Acupuncture for Endometriosis

Written By: Lori Early LAc, MAOM, MS, DiplOM

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In 2010, I started experiencing sharp pains following intercourse, sometimes before or during bowel movements, and nearly always during my monthly flow.  At the time, I was a student of Acupuncture and Chinese Medicine, in the midst of my studies learning how acupuncture and herbal therapy can help heal (not just mask) debilitating conditions.  I began to question my own gynecological health due to the debilitating pain I experienced associated with my cycle, but I wasn’t ready to move forward with an endoscopy to know for sure whether what I was experiencing was actually endometriosis or not.  Not yet…

Endometriosis is an often painful gynecological disorder in which the uterine lining (the cells of the womb) begin to proliferate outside of the womb itself, like the bowels, the abdomen, and in rare cases even the brain and lungs, which can lead to severe and sometimes fatal events.

Western Medicine provides a few options: hormonal supplementation, like birth control, anti-inflammatories, or surgery; however, none of these fix the condition, and only suppress it for a time.  In fact, some women need surgery to remove the endometriosis as often as every 9 months.  No thank you, I wanted see how Chinese Medicine may be able to help me first.

Chinese Medicine looks at the body from a completely different perspective, taking a more holistic approach by considering patient history, diet and nutrition, emotional health, and stress levels.  Looking for patterns based on what symptoms are present, a skilled Chinese Medicine practitioner can determine the underlying cause of endometriosis (or whatever else may be ailing you).  Chinese Medicine also has helpful (non-invasive) diagnostic tools that can nearly always help make a diagnosis of endometriosis, like pulse taking and tongue diagnosis.  In fact, fast forward from 2010 to 2016, as I am sitting in a Medical Pulse Diagnosis seminar in Seattle, I learned the “endometriosis pulse”, which is a pretty cool tool to have when assessing the severity of endometriosis in my patients.

There are various root causes for endometriosis in Chinese Medicine, but for simplification sake, it really comes down to “blood stagnation” or “stuck blood” in which there is a lack of healthy blood flow to the area.  In my case, which is common with many women, a major culprit was due to a lifetime of being exposed to a cold environment.  I was a competitive swimmer through most of my childhood and adolescence, and the 5am daily swims in uncomfortably cold water eventually made their impact of my health.  Interestingly, being exposed to cold during adolescence, and specifically while on your cycle, such as sitting on a cold gym floor in shorts while on your period can create what we call in Chinese Medicine a “cold uterus”.  This can also happen during C-sections, as our uterus is open to the cold air and instruments of the operating room.  (Sure enough, my pain got much worse after my C-section.)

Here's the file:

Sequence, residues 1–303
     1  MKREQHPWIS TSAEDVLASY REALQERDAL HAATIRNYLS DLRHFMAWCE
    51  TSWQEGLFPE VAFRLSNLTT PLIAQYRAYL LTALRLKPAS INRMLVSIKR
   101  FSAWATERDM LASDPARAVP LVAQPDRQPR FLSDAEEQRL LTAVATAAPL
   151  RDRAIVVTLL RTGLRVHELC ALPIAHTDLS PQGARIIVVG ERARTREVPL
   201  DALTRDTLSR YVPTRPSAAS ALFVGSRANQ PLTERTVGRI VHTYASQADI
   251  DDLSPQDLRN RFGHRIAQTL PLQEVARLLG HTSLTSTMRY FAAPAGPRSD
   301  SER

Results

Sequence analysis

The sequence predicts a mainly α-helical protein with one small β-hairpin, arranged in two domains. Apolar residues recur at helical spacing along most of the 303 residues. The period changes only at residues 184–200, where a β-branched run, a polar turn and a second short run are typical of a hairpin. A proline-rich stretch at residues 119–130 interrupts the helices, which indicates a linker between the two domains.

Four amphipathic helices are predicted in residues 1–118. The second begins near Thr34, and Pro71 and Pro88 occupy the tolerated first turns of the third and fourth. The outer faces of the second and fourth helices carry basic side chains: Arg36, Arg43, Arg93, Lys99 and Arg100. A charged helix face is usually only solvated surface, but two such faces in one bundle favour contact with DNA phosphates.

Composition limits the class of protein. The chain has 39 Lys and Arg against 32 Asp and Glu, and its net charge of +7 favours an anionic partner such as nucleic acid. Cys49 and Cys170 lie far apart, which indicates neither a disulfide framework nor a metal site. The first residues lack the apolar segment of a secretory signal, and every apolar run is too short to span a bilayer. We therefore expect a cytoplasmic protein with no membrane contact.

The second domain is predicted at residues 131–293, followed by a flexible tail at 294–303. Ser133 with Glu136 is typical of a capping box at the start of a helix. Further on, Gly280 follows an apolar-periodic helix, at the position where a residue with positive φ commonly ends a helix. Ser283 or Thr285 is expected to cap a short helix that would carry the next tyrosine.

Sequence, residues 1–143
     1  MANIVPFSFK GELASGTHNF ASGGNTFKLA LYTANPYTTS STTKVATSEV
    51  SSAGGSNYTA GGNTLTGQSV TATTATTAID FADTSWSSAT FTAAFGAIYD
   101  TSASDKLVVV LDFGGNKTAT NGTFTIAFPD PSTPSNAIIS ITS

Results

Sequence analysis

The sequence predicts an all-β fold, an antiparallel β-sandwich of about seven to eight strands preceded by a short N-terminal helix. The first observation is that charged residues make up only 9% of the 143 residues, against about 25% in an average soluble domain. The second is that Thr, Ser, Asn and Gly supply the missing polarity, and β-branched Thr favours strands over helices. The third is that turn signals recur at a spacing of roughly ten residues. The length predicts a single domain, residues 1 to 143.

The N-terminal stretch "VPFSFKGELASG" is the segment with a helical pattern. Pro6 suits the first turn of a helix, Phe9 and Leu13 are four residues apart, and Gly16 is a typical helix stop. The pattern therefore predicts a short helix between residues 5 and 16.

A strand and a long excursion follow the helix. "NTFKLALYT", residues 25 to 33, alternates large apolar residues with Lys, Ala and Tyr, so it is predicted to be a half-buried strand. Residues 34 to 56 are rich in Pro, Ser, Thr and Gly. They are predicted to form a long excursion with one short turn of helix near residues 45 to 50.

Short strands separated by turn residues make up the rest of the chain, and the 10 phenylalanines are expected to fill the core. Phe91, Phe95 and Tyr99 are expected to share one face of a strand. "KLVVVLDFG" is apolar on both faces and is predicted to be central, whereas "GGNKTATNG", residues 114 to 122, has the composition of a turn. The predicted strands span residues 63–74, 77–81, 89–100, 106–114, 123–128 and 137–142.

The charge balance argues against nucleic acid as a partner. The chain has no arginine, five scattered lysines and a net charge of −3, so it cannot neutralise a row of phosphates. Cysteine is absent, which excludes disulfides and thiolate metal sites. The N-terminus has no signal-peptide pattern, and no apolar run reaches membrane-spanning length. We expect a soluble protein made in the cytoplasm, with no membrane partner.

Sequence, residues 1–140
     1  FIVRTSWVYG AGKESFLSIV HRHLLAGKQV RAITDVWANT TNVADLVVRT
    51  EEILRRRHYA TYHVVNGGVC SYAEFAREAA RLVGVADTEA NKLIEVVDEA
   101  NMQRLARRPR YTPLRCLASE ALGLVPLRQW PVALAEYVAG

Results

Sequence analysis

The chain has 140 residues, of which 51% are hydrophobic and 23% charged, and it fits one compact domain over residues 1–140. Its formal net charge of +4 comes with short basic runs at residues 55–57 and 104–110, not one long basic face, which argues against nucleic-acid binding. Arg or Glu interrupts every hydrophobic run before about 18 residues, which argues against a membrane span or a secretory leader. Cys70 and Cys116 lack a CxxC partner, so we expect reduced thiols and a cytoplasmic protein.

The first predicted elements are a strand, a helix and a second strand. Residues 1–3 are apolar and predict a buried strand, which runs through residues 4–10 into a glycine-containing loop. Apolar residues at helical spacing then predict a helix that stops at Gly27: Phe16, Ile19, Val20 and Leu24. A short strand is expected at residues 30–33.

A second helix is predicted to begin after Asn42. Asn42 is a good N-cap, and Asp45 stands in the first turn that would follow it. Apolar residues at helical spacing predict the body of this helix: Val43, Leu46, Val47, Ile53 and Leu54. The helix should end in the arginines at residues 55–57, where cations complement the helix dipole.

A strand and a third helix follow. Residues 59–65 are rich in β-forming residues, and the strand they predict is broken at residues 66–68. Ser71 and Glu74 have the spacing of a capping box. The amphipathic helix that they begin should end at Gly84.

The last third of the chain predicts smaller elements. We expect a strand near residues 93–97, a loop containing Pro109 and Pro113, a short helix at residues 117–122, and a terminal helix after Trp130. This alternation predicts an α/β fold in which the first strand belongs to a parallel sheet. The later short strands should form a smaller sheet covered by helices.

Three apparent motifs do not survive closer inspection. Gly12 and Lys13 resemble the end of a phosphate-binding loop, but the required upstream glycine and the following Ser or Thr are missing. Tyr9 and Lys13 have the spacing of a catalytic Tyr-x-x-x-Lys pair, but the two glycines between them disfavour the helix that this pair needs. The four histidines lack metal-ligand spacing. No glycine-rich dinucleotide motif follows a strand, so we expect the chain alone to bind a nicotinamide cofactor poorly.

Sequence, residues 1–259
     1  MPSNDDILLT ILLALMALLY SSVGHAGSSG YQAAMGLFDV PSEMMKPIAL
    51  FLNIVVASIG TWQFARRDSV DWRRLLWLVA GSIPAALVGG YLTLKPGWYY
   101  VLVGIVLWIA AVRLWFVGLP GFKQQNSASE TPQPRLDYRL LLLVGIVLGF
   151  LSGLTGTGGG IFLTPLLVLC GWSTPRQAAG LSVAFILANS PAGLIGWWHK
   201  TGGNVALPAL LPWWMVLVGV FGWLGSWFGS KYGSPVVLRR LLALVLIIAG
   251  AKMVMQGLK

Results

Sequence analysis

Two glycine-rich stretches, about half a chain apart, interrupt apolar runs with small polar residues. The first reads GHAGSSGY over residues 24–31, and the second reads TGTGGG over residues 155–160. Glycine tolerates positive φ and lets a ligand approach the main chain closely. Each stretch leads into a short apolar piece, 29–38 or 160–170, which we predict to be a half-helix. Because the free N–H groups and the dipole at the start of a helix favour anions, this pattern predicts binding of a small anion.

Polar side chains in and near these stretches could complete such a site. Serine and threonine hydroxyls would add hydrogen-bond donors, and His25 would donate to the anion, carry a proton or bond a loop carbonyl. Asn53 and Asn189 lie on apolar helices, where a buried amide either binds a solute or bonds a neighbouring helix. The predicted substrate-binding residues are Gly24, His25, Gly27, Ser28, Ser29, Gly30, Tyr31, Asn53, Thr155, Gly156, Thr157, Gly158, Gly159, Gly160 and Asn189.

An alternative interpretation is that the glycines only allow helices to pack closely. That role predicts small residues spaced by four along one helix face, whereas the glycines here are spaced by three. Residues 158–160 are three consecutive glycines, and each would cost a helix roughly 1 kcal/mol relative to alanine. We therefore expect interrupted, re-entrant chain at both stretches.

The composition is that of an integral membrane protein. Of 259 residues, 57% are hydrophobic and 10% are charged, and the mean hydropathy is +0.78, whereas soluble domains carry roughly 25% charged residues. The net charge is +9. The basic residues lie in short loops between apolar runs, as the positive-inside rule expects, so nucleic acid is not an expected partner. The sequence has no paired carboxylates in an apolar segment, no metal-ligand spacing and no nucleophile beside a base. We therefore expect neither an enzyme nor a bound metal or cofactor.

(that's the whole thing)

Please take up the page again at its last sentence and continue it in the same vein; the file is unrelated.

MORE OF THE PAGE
Our wombs love warmth, and when coldness invades, it stagnates blood circulation, creating painful periods with dark flow and clots.  When there is any sort of stagnation in blood flow, regardless of the area, pain is created.  Although cold invasion isn’t the only underlying cause of endometriosis, it happens to be a familiar story I hear from many of my female patients. 

Other things that compound pain and inflammation of endometriosis are:

  • stress, commonly referred to in Chinese Medicine lingo as “qi stagnation”
  • eating inflammatory foods, especially dairy, processed foods, sugars, and non-organic meat (especially hormone-treated meat)
  • intercourse during your cycle

With the help of herbs and acupuncture, my pain began to alleviate with each progressive cycle.  Today, the pain is both rare and minimal.  So, how was that possible?  Here’s the scoop…

Chinese herbs can help break down the endometrial tissue, promote healthy blood flow, and even warm the uterus (if that’s indicated).  Acupuncture is a gentle, yet powerful healing modality that can help alleviate pain, reduce inflammation, promote healthy blood flow, regulate hormones, and calm the nervous system.  Calming the nervous system is a key factor to healing, as the body can maintain homeostasis, self-regulation and restoration only when the body is in the parasympathetic state (or the relaxed state).  Acupuncture also tends to have a slew of much-welcomed “side effects”, such as improved sleep, diminished headaches, decreased PMS symptoms, heathier digestion, less stress and anxiety,  and an overall happier mood.